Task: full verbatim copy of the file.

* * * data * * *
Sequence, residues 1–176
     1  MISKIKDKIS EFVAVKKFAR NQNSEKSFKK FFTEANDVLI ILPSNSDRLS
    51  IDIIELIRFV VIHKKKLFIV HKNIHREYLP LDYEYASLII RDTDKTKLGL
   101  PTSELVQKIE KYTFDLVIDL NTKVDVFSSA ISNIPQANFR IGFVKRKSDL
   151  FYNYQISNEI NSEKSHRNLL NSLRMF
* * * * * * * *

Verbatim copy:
Sequence, residues 1–176
     1  MISKIKDKIS EFVAVKKFAR NQNSEKSFKK FFTEANDVLI ILPSNSDRLS
    51  IDIIELIRFV VIHKKKLFIV HKNIHREYLP LDYEYASLII RDTDKTKLGL
   101  PTSELVQKIE KYTFDLVIDL NTKVDVFSSA ISNIPQANFR IGFVKRKSDL
   151  FYNYQISNEI NSEKSHRNLL NSLRMF